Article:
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Some of the most powerful stories captured by This Is Our City thus far center on Christ-followers making personal—and often costly—decisions to pursue the flourishing of their neighbors and neighborhoods. Their "common-good decisions" together demonstrate Christians' willingness to embed themselves in the structures of society in order to mend them. Their participation in God's renewing work inspires us—and hopefully you—to make your own common-good decisions, wherever you may live. To share stories of your and others' decisions to pursue the common good, e-mail the City team at connect@thisisourcity.org. We look forward to hearing from you.

Common-Good Decisions: When Christians Bless the Cities of God

What happens when Christians sacrificially and creatively love their neighbors and neighborhoods.
Rethinking the $3,000 Missions Trip

Rethinking the $3,000 Missions Trip

When I learned that kids in my city couldn't swim, I started to rethink how much I'd invested in overseas missions.
Furniture Fit for the Kingdom

Furniture Fit for the Kingdom

For Harrison Higgins, building beautiful furniture is not simply a steady job but a sacrament unto God.
Faith in a Fallen Empire

Faith in a Fallen Empire

Detroit's list of maladies is long. But some Christians' commitment to its renewal is longer.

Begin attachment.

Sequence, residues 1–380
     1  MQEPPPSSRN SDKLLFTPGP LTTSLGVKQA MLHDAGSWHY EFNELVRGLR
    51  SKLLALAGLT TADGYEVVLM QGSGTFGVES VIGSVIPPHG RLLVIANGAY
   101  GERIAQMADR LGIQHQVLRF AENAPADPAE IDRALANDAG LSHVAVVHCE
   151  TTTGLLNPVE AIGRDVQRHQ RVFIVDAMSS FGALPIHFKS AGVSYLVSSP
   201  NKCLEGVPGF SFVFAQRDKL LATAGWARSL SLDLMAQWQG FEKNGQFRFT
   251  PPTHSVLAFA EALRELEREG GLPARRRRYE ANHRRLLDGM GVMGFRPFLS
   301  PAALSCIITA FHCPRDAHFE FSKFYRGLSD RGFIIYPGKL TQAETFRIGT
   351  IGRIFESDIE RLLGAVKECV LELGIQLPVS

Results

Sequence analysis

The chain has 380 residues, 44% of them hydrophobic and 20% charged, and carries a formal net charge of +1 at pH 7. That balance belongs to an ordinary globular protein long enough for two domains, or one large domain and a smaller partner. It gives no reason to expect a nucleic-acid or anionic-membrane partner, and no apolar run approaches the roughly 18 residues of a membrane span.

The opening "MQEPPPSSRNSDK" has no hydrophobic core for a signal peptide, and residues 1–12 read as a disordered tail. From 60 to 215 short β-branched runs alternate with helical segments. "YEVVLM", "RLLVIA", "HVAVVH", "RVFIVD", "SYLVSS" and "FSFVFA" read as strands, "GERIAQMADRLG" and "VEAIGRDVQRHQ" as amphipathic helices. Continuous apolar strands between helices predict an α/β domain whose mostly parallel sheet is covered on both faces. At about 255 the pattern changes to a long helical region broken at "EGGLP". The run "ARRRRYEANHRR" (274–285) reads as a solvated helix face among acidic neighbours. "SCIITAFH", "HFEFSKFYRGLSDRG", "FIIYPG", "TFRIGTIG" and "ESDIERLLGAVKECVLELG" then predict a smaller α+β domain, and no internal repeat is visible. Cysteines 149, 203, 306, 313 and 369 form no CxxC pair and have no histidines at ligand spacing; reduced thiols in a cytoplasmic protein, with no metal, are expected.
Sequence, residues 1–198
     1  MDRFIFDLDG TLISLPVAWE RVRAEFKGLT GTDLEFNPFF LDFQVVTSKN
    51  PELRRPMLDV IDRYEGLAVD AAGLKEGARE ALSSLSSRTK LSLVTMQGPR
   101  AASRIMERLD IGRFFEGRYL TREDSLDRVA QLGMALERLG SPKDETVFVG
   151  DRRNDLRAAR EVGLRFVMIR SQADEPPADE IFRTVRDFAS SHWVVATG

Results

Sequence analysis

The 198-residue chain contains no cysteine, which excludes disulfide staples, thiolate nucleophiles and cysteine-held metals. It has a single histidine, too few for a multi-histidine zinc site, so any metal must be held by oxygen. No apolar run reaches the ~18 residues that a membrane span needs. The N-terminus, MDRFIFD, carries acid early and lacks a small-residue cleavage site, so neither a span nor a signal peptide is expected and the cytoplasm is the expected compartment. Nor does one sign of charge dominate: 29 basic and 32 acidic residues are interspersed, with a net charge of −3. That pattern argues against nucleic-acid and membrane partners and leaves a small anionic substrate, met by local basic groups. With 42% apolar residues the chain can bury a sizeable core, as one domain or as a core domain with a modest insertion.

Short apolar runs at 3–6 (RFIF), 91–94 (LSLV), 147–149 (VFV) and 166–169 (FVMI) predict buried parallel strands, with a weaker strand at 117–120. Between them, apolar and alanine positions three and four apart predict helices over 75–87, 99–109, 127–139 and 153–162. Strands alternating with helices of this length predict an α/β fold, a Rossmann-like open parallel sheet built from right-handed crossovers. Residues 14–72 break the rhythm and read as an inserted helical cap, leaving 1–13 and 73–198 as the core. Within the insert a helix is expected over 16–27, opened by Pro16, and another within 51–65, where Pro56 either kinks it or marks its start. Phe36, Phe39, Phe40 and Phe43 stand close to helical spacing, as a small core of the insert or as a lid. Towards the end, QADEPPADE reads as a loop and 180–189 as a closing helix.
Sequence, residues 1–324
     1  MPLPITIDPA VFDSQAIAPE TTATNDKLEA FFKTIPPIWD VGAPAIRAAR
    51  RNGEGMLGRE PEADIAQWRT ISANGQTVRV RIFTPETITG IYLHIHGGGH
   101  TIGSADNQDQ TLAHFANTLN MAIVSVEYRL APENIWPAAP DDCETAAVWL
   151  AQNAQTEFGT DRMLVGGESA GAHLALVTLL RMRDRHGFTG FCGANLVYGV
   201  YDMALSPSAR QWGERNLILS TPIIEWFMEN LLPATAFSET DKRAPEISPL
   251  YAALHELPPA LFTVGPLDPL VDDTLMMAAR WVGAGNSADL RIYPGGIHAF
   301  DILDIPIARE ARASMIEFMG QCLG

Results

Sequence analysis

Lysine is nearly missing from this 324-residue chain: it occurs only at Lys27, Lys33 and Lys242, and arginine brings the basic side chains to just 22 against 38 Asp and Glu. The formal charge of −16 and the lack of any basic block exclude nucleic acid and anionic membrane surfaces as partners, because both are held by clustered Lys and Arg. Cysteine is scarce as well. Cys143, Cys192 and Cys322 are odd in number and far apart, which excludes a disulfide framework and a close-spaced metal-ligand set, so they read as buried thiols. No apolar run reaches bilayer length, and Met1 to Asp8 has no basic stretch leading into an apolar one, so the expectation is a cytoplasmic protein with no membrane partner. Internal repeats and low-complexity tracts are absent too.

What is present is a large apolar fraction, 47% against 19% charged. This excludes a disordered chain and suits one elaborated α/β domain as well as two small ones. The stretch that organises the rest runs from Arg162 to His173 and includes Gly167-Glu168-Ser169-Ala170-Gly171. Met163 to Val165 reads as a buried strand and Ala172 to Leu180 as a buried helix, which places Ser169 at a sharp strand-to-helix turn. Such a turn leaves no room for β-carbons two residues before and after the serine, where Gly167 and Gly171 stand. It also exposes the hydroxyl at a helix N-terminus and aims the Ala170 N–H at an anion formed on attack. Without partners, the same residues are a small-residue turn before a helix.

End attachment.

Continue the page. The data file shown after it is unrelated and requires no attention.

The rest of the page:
'Daddy, Why Do People Steal from Us?'

'Daddy, Why Do People Steal from Us?'

How I answered the question would prove crucial to addressing racial divides in our D.C. neighborhood.

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Displaying 1–2 of 2 comments

Rick Dalbey

May 21, 2013  8:26pm

What I long for is evangelizing the city. By that I mean seeing hundreds of thousands born again as Philip saw in Samaria, or as New York experienced in 1857, shutting down business to pray together at noon, or Portland in 1905 when business closed for 2 hours everyday to sing and pray. Here’s the headline of the Oregon Journal in 1905, “Army of Christians Marches About City," proclaimed front page of March 31, 1905. "At Midnight Nearly Ten Thousand People, Singing Hymns, Proclaim the Power of Revival." The Page 1 story detailed that it was "the unique night of Portland's history - a shaking up such as the town had never known before." 5 days later, the Journal's front page headline was "City Asks for Grace." The story told how daytime business came to a standstill in the city while masses of people elbowed into four of the city's largest auditoriums. Community gardens are good, but eternal life is better. We had a taste of this in the 70s Jesus People movement. Let’s do it again!

Doug Lass

June 11, 2012  10:31am

What if neighbors got together to share a community garden? If there is a vacant lot ask the owner if the neighbors could use it for a vegatable garden, and maybe some flowers! there is a whole lot of possible legal questions that may need to be addressed such as liability insurance, who gets what plot and how to pay for water and electric bills among other things. Maybe this remark will get somebody involved!

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